Friday, June 12, 2009
Today, Sybilla (my wife) wanted to do something for my birthday. This ‘something’ was a river cruise. The river was something else that I’d not yet experienced. I decided to go along with her plan, believing that it might just bring us closer together. We got ready for what I hoped would put a bit of sparkle back into our marriage.
We caught the taxi to the pier that was near to the Shangri-La Hotel. While we waited to board, I curiously walked over to some craft stalls that were situated to the back of the pier, only three or four metres away. This was my first mistake of the evening.
‘I haven’t come all this way for you to do as you please,’ she said in a caustic tone, nearly biting my head off in the process, as she displayed all the characteristics of being impenitent.
‘I’m only looking.’ I said, turning away from her with no idea what I’d done wrong. Was I compelled to be her poodle? It seemed that she was in a mood for some reason, but for what, only time would tell.
Our boat arrived; we boarded it and took our seats. The cruiser was probably one of the most stylish ones on the river. It was at least twenty metres long, offering two levels of seating, spacious with accompanying dinner and bar facilities. The river glistened in the early evening light. We were one of a number of pleasure cruisers gracing the waters of the Chao Phraya River. Many of them glowed with their multi-coloured lights. Other vessels passed us included the hotel shuttle boats and long tail boats, which zipped past us at speed, but they were very narrow and sat low down in the river.
Bangkok at night was an impressive sight, especially with the buildings lit up along the riverfront, not to mention the neon and laser light shows that came from the tops of the larger ones. It was so refreshing to experience the city without the pollution; something that Bangkok was notoriously famous for. That wasn’t to say that the river was not polluted. However, the fish did not seem to be complaining – not that we saw any.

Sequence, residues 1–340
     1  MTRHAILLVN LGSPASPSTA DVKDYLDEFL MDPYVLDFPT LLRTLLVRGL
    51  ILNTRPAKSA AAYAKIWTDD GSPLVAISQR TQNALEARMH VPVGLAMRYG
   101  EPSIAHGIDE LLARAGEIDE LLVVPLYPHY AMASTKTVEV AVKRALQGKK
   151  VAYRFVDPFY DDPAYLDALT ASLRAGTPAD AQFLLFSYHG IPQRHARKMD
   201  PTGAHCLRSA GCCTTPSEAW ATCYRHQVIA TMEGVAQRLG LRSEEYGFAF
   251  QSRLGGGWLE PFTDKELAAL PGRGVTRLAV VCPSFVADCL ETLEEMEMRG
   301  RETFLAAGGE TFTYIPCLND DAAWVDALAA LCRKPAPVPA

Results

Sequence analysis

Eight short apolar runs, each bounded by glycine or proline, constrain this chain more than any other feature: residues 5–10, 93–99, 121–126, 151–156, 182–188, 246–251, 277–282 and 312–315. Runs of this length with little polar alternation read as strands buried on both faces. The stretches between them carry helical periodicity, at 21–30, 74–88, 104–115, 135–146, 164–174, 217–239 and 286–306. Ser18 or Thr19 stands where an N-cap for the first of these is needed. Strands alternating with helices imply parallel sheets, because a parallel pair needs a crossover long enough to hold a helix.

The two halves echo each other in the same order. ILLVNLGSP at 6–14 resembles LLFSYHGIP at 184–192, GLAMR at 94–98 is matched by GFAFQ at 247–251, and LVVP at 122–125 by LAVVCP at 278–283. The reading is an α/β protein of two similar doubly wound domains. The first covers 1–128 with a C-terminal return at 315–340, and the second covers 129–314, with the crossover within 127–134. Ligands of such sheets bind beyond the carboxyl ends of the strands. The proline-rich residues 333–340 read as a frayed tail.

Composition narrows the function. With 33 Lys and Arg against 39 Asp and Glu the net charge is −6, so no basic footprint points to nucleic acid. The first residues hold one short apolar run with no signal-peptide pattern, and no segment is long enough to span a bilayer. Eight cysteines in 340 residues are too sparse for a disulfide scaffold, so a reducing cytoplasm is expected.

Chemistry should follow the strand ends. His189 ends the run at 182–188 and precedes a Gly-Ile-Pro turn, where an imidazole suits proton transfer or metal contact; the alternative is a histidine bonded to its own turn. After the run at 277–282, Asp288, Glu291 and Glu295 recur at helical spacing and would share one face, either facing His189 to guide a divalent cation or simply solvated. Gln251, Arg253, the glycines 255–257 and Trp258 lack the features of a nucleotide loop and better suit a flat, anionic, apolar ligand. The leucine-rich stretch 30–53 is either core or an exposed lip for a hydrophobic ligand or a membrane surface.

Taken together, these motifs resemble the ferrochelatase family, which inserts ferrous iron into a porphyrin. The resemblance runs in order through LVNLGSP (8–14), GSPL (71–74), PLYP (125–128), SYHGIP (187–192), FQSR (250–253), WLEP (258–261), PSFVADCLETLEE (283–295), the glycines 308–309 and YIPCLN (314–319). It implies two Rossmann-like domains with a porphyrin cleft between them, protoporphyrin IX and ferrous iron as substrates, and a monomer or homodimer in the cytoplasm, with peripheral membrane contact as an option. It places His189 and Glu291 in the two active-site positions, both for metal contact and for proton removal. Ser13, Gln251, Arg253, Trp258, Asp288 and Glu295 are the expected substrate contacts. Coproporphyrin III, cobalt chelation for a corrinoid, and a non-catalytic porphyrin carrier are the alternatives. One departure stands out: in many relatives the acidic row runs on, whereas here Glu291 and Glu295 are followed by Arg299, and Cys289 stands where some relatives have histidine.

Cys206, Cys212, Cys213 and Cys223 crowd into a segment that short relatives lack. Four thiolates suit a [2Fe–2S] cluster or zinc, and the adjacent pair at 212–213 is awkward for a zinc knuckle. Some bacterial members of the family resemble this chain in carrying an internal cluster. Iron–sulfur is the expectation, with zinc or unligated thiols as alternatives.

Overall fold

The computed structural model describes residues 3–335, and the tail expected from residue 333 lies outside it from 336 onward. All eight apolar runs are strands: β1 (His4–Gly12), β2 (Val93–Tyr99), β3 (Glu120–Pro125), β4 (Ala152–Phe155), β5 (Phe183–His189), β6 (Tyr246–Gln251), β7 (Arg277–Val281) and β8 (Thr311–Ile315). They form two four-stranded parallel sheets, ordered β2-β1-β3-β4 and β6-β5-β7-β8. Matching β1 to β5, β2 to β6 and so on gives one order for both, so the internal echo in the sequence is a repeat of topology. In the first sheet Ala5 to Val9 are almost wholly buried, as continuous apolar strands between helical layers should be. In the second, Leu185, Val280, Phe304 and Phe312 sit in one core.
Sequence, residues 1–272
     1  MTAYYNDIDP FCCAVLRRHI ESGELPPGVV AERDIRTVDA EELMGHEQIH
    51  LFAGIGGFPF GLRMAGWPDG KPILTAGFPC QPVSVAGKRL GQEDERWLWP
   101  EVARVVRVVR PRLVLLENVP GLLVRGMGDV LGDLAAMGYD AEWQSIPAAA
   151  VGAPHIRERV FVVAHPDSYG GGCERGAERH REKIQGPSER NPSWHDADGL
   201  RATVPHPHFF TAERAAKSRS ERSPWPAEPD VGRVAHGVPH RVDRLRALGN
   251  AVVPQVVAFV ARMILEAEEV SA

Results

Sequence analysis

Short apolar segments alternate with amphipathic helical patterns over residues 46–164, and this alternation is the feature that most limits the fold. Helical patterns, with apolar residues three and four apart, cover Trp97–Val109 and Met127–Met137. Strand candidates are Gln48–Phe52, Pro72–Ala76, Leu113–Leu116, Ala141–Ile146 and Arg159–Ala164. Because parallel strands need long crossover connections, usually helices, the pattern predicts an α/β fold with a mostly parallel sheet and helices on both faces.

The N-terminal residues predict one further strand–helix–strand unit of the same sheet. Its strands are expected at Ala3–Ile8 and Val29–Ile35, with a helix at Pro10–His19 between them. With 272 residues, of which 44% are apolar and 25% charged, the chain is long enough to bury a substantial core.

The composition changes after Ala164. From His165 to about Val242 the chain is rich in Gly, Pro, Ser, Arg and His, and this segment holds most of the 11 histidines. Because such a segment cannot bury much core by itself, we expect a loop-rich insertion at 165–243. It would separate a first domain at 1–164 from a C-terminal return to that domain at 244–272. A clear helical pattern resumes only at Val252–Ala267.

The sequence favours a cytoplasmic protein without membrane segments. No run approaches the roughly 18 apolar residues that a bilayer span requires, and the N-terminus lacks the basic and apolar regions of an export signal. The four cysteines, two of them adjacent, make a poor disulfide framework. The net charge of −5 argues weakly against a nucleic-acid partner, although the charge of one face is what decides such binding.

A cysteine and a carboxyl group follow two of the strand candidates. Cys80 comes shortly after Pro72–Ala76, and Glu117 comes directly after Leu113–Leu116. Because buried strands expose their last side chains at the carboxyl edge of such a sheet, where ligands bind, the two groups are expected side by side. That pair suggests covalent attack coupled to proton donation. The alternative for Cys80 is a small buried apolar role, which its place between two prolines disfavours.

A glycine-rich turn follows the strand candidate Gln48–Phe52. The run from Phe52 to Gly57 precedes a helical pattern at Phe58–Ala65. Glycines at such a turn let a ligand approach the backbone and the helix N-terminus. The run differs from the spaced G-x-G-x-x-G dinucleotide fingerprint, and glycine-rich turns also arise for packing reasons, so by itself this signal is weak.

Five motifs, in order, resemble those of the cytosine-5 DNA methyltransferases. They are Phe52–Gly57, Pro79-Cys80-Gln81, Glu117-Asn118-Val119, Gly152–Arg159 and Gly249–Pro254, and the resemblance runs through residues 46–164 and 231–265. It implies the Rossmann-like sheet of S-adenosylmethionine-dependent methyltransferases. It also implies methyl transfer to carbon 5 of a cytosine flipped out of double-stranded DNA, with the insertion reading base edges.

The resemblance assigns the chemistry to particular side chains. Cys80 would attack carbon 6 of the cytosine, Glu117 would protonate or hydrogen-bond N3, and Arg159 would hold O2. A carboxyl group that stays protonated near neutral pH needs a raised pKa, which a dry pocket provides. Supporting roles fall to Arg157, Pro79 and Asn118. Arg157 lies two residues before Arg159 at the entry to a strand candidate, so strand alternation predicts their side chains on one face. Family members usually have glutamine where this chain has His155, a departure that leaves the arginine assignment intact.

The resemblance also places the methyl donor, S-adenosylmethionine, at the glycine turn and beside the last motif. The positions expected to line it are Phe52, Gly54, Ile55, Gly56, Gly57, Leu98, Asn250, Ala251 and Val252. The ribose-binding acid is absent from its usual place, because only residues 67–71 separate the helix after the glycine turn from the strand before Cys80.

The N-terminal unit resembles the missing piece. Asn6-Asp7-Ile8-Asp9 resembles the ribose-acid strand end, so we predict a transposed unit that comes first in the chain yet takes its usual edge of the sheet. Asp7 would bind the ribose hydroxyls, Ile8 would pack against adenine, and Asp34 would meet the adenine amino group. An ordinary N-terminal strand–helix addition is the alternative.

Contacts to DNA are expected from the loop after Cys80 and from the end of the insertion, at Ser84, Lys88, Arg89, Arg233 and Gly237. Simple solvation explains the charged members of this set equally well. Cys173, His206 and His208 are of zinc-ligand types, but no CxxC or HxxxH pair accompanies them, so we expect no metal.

From the boat, we watched the illuminated city float past, admiring the suspension bridges, which seemed to span the river at every bend; those were all lit up too. The biggest attraction for me, however, was the magnificent Temple at Dawn: the Wat Arun. Situated on the west bank in Thonburi, it was probably the most stunning sight next to the river. Built during the early 19th Century, during the reign of King Rama II, it was also probably the best known of all Thailand’s landmarks. There it stood; glowing as if it was truly made out of gold, with its four prangs towering into the night sky. It looked even grander than it did during the day as if showing off its status to the rest of Bangkok.
‘Doesn’t that look magnificent.’ I said as we passed it, Sybilla offered me a pleasing smile, as if in acknowledgement of my comment.
This was certainly a different sort of birthday to the ones I was accustomed to. I sat there, musing and at peace with myself, as I watched the almost mystical city leisurely pass by. I felt as if I was drifting into some sort of trance. Then, suddenly, unexpectedly, Sybilla got up and went over to the bar, interrupting my reveries. She came back, empty-handed and then announced.
‘I’m just going to the toilet, won’t be too long.’
I continued observing the river spectacle. Crafts glided by, all aglow and with music playing and flurries of raptures in full flow. I was pensively at peace with myself until I encountered my second interruption in close succession.
‘Excuse me, sir. Is it your birthday today?’ a waiter enquired.
I knew immediately that Sybilla was up to something. My birthday was on the 7 June and not the 12 June, so I told the waiter the truth.
‘No, it isn’t.’
He left, looking at me in a bewildered way. Where on earth was Sybilla? She was nowhere to be seen. I wasn’t too sure what was going on, but this had all the echoes of previous foolish pranks that she was well known for. I remembered on one occasion, she had hired a strip-o-gram for her so-called friend’s birthday. He and his family were clearly mortified. On that occasion, I could have screamed at her for her stupid and ill-conceived idea. The question was, had she learnt anything from it and was I awaiting a similar fate?
I apprehensively scanned the deck from where I was sitting for anybody acting in a peculiar way and looking in my direction. Butterflies fluttered erratically within my stomach as I expected the worst scenario. The only two people who caught my eye were a couple of young twenty-year-olds, looking intently across at me. They certainly weren’t the best looking females on this boat and certainly didn’t look the type to reveal everything. I knew Sybilla was more than capable of organising anything for me. Paranoia was beginning to set in; not that I’d ever considered myself to be paranoid.
When my wife returned, I decided to stay calm but I ensured that I kept my beady eye on those two girls. As Sybilla sat down, she gave me one of her angelic smiles, as if butter wouldn’t melt in her mouth.